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Environmental Sustainability Framework

March 7, 2018  - Tips for Small Business
illustration of city skyscape with environmental sustainability framework words vision principles important issues commitment and scope objectives and reporting overlaid

It can be wise to run your business in a lasting and responsible way—to position it to take advantage of opportunities, benefit financially and leave behind a positive legacy. In developing an environmental sustainability policy, you must first look at your own operations and evaluate your ecological footprint. Your sustainability strategy should define business drivers that cover sustainability areas across your business.

 image depicting a green footprint with environmental factors surrounding it

Steps your company can take in evaluating your ecological footprint:

  • Look at each of the processes within your organization and find ways that they can be altered to incorporate sustainability practices with minimal effect on the process itself
  • Look at your break room and find ways that you can eliminate waste
  • What about your companies use of electricity or water? Are you being wasteful?
  • How are your employees getting to and from work?

Examples of areas you might decide to improve:

  • Replace most light bulbs with low energy light bulbs like LED's or CFL's
  • Make it a practice to turn off lights when you leave a room that isn't being used
  • Use coffee cups that can be washed and reused instead of paper cups
  • Purchase paper products made from recycled material (Ex: Sustainable Earth by Staples)
  • Offer incentives for employees to ride the bus or join a carpool

6 Components of a Sustainability Policy Framework: Vison, Policy, and Strategy

1. Vision: Your vision statement should be a sentence of approximately 10 words that concisely describes your ideal outcome, product or service.

2. Principles/Core Values: Include a list of principles that are most relevant to your business and/or align with company core values to help guide your response to an opportunity or challenge in a way that aligns with your sustainability vision

3. Important Issues: Which issues in the world are most important for your organization to address? Example: Due to the direct impact on our business, we have prioritized the following sustainability issues to be addressed: water and energy conservation.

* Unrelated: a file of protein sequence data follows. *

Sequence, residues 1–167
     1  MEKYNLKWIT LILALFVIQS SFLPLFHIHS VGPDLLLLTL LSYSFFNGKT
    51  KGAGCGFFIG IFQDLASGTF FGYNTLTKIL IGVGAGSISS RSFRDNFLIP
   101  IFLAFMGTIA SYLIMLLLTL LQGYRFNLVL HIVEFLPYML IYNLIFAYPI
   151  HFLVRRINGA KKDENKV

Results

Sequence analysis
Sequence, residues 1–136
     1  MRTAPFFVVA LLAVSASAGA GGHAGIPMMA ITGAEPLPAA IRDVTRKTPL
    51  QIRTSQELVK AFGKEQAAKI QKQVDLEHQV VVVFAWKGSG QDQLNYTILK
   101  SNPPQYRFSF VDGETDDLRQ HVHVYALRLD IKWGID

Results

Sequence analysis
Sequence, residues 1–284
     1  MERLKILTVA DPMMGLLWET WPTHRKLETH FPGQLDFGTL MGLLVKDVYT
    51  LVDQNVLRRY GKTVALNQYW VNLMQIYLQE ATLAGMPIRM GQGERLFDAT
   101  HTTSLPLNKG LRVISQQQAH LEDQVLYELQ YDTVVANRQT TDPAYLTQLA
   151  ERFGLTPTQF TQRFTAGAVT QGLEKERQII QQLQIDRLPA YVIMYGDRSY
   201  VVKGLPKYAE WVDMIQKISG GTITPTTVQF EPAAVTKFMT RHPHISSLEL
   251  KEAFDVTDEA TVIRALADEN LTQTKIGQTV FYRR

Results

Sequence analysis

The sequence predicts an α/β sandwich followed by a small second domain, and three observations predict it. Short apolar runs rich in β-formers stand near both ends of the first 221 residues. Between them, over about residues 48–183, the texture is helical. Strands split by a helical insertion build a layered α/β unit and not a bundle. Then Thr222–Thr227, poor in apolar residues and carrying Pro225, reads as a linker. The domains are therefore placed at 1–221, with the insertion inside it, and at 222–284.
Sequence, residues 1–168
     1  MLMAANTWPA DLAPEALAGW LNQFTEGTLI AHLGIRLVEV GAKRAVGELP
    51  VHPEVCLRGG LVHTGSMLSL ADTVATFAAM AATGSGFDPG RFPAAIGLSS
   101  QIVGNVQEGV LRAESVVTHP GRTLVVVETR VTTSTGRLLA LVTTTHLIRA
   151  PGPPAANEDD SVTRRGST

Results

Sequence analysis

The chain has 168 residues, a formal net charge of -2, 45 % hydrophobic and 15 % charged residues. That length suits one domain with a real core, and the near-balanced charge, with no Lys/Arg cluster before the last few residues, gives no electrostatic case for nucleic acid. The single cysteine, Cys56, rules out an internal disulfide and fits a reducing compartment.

4. Commitment & Scope: At times, your ability to act on your policy can be affected by what you control and influence, so your policy should clarify boundaries and scope.

5. Objectives: It is imperative to have time-related achievable targets with deadlines. An Action Plan will help to ensure that the policy is effective and doesn't become 'another piece of paperwork.' Your commitment should be broken down into key objectives that are SMART:

 graphic showing the five components of creating SMART goals for your business

Your operational policies and projects can be more specific regarding how you apply these objectives. Strong sustainability policies will also detail how each objective is measured by identifying an indicator and a target. Establish metrics to measure and track your policy. Try to make your targets reasonable and achievable so you can obtain your goals and build on successes.

Sustainability Policy Objectives Examples:

  • Recycle
    • Recycle as much waste material as possible, including equipment that is no longer of use to the company. 
    • Purchase products made with recycled paper, such as paper towels and printer paper.
  • Conserve Water & Energy
    • Keep energy usage low. Making use of low energy LED light bulbs throughout and ensure that computers and lights are turned off when not being used.
  • Reduce Waste & Emissions
    • Avoid the use of paper wherever possible—go paperless. Send invoices and quotes via email as PDF files.
    • Reuse waste paper (from the printer) where possible, making use of the blank side for notes etc.
    • Purchase products with a lower environmental impact. Use environmentally safe soaps and detergents.
    • Use low impact transport for business travel. Offer incentives to employees to carpool and use public transportation.
    • Avoid unnecessary travel by making use of technology (instant messaging, video and audio conferencing, etc.).

6. Reporting: State your intention to report progress against your sustainability goals. Make your policy viewable in your work area and on your website and re-visit it at least once a year. It's good for the environment and good for business.

  • Example: We will externally report on our progress against these goals once per year.

Take it a Step Further

All organizations have suppliers, and if you are a major client, you have the weight to encourage suppliers to implement an Environmental Policy of their own. You could build this into your policy’s targets, thereby demonstrating that you are looking beyond simply your organization’s direct environmental impact.

quote from GreenBiz Business Owners have moved past questioning why sustainability is important

If you would like to review Ascentium Capital's sustainability policy, click here to request a copy.

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If you're looking to invest in your business for a sustainable future, Ascentium Capital can help. We specialize in helping SMBs with all major business initiatives – from conversion to energy efficient LED lighting to environmentally friendly technology solutions – let us help you get your “Green Campaign” in motion.

Fill out our contact form and a finance manager will be in touch soon!

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